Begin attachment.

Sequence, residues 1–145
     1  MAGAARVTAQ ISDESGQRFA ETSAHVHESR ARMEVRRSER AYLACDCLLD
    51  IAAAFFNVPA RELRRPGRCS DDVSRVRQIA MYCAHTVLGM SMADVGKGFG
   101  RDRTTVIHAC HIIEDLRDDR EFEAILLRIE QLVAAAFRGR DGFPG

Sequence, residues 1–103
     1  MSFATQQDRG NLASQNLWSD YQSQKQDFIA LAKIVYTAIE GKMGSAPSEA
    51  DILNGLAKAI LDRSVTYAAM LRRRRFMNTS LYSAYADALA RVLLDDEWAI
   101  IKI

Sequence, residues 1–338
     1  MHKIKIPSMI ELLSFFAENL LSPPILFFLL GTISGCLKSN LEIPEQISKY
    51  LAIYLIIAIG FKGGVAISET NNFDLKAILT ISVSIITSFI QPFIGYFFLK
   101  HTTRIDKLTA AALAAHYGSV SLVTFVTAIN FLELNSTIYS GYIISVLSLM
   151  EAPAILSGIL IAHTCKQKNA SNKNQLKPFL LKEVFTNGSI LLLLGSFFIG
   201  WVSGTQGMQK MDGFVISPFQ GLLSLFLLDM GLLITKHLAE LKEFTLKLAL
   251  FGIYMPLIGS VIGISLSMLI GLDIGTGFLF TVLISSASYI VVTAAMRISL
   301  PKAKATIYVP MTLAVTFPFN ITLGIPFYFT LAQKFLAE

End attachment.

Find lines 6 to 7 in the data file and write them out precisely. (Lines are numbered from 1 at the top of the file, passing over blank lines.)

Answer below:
     1  MSFATQQDRG NLASQNLWSD YQSQKQDFIA LAKIVYTAIE GKMGSAPSEA
    51  DILNGLAKAI LDRSVTYAAM LRRRRFMNTS LYSAYADALA RVLLDDEWAI